Gilman's insight and empathy come from his own deep personal struggle. Coming out is challenging for just about any young person, but add being a famous country singer to that, and the struggle becomes even more daunting. "There were many scary thoughts related to coming out with family and with work," concedes Gilman. "It was a double whammy, and things got dark. Luckily, I got to fight through it. Mental health is such a fragile thing."
Gilman, who had been singing other people's songs in the first decade of this career, turned to songwriting in his early 20s, which helped him cope with his struggle. "The song 'She Wanted More' was the start of my journey of who I am, what I want, and when I realized I was part of the LGBTQIA+ family," recounted Gilman. "I've been with someone for a while now, and with my very conservative family, I initially referred to him as 'she.' But I realized I had to get in front of this ship and get in control, so I came out to my family." Their initial reaction was not unexpected. "They shut down, and my father said, 'I am very angry here.' And I thought, 'Uh-oh!' " Gilman begins. But what came next really surprised him, when his father said, "I'm angry that you thought I'd be angry with my son. I'm upset you didn't think we'd love you."
"That began the start of my journey as a gay man," Gilman notes. "People magazine wanted to do a cover story [on his coming out]. I turned it down. I came up with the YouTube video where I came out instead. And whether anyone follows it or not, at least I'm happy." However, within eight hours the video had gone viral with 1.7 million views, and Hollywood and Entertainment Tonight picked it up. "I didn't ask for that. I was happy with the response that I got from so many young adults and adults, especially from certain areas of country music," marvels Gilman. "I heard from kids who lived under bridges because their family kicked them out. I got involved with GLAAD and HRC to do events for them."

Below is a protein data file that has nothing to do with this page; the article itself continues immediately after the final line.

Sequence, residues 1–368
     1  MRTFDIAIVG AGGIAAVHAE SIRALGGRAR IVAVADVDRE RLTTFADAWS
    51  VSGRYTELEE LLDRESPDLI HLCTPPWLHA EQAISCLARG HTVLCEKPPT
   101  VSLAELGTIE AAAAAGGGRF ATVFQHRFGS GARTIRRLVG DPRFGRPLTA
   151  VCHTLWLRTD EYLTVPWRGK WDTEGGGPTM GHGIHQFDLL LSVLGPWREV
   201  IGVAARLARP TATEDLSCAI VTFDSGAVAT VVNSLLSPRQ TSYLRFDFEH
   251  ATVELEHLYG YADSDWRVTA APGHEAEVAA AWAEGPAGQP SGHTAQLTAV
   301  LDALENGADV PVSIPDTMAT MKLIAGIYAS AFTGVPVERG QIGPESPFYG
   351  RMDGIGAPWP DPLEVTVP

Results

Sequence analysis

Of course, his professional career was another story. "I came out to my team, many of whom had been with me since I was 13, and one person in Nashville said, 'Now that you've realized who you are, we have to tell you that there had always been a stigma around you that we never discussed.'" For some time, there was friction between Gilman and the country music industry. "It's not the country music fans," Gilman explains, "It was the industry that struggled with it. But I think they are evolving, or I would be stopped dead in my tracks."
For a short while, Gilman contemplated switching to another musical genre. In 2019, he told People magazine, "I didn't leave country music. Country music left me." But he found that he wasn't ready to quit the country music scene. "That's where my bones are, that's what is my nucleus. I want to be successful in country. It's my home. I think country music will evolve," remarks Gilman. He has already noticed a shift in attitude. "Fans are a melting pot of all kinds of situations," describes Gilman. "People wouldn't come if they didn't like you."
In his upcoming show at The Music Room, Gilman will feature many of his own original songs, but the program will broaden out as well. Gilman confided, "Barry Manilow told me, 'Only so many people are going to know your songs, don't lose them. Sing other songs and sing them your way.' " Gilman heeded that advice. "When I do a show, I will include variety, but I put the storytelling country songs in that really impact people."
One of those songs is, of course, "One Voice." Celebrating the 20th Anniversary of "One Voice," Gilman wanted to do something different with it, so it wouldn't be compared with the original. The a cappella singing group Home Free had contacted Gilman to do the song, and Gilman suggested they do it together. "I was grateful they let me," Gilman admits. "This was my first work in a cappella, with the harmony, with no strings, no guitars. Home Free did the bones of the vocal arranging. There wasn't much I changed. I wanted a mystique about it: Haunting, but not dark." There is no denying the emotional power of the new arrangement, especially as presented in the video release. Gilman and Home Free's Austin Brown sing lead, and, together with the rest of Home Free, they form a Greek chorus, emotionally detached from the heartrending story playing out, yet packing a powerful punch.
John Amodeo is a free lance writer living in the Boston streetcar suburb of Dorchester with his husband of 23 years. He has covered cabaret for Bay Windows and Theatermania.com, and is the Boston correspondent for Cabaret Scenes Magazine.